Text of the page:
Saving lives through education

Links to Resources

Melanoma / Skin Cancer Information & Literature

The American Academy of Dermatology (AAD) has a comprehensive web site and publishes a wide selection of literature, posters, and videos about melanoma and other skin diseases. 

The National Cancer Institute has illustrated photos of melanomas, normal moles, and atypical moles, some of which are utilized in our pages. 

The American Cancer Society has on-line information about melanoma and publishes an excellent booklet, “What You Should Know About Melanoma,” which can be requested by phone (800-ACS-2345) or on-line. 

The Dermatology Atlas has a comprehensive on-line collection of images of skin diseases and conditions.

Dermnet of New Zealand furnished the skin examination illustrations used in our pages and maintains a comprehensive melanoma information site.

The Skin Hoax cover

The Skincare Hoax: How You’re Being Tricked into Buying Lotions, Potions & Wrinkle Cream exposes how the beauty industry is so mixed in its messages that most consumers have no way to tell which skincare products are helpful and which claims are pure hype. Skincare expert Dr. Fayne Frey explores the “essential” product categories that are entirely unnecessary, exposes how many well-known skincare ingredients have no scientific basis, and recommends truly effective skincare products and regimens that are easy and affordable.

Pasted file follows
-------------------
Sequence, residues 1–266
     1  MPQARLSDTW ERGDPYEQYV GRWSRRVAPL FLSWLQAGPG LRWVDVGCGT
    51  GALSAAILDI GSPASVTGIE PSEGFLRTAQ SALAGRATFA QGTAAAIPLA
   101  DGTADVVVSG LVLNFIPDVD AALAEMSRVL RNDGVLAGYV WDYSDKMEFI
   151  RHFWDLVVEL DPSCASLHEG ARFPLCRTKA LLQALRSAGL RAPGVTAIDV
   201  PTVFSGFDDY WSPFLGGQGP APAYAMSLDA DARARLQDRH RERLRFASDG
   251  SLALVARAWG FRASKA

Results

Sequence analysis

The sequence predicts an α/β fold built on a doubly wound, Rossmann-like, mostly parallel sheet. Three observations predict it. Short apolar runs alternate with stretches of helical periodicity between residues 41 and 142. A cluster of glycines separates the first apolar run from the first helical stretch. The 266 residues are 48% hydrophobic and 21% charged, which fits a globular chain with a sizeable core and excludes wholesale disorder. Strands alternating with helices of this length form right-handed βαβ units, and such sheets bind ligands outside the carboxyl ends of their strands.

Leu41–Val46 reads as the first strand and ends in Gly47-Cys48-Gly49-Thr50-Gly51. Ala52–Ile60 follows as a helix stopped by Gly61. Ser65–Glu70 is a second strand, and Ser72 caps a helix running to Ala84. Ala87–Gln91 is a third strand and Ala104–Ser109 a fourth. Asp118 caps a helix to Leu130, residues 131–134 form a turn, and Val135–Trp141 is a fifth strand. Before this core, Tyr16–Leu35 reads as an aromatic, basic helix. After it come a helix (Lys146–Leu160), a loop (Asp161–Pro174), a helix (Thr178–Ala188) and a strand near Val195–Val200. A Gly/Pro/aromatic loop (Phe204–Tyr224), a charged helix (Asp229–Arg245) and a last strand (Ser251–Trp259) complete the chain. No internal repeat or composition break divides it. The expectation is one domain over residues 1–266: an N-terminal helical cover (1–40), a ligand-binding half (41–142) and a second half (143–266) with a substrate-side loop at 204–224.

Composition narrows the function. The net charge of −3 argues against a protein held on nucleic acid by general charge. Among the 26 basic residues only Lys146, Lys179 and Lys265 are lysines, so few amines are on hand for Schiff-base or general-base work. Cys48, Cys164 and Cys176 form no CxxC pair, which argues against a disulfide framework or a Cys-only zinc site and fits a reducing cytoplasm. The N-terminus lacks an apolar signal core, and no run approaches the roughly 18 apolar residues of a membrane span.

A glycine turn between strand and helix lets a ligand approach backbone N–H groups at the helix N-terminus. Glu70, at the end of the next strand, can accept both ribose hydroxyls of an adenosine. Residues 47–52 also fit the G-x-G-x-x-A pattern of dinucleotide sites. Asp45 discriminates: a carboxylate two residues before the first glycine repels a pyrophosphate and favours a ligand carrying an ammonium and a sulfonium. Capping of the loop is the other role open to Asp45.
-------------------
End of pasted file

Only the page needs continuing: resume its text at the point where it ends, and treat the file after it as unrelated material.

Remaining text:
On-Line Searching of Medical Literature

The National Library of Medicine maintains the PubMed search site, which can be used to search the medical literature for papers on melanoma and other diseases of interest.

Finding Dermatologists, Plastic Surgeons, Screenings, and Mole Monitoring Resources

The American Academy of Dermatology (AAD) can refer you to dermatologists and, if available, free skin cancer screenings in your area.  

The American Society of Plastic Surgeons can provide information about plastic surgeons in your area. 

Instruments based on digital epiluminescence microscopy (DELM), are sometimes used to detect uneven pigmentation or other characteristics of very early melanomas before visual changes are noticeable. Utilizing polarized light and microscopes or magnifying lenses, the instruments provide sub-surface images which are obscured by surface reflections when using normal light. Some instruments have the capacity to gather and store images of moles or other skin growths and compare them against previous images or against comparison images from a database. Some relatively low cost pocket instruments using polarized light and magnifying lenses are available from Dermlite and are popular among dermatologists. 

Tanning Bed Use, Melanoma, and UV Damage

Download an excellent article, A Killer Tan, on the dangers of indoor UV tanning from Prevention magazine, May, 2004.

Abstract of Swedish study on incidence of melanoma among frequent tanning bed users (American Journal of Epidemiology, 1994).

Comprehensive study on the relationship between tanning bed use and melanoma (November, 2021).

Protecting Against UV Damage is an comprehensive article about to protect people — and materials — from UV damage.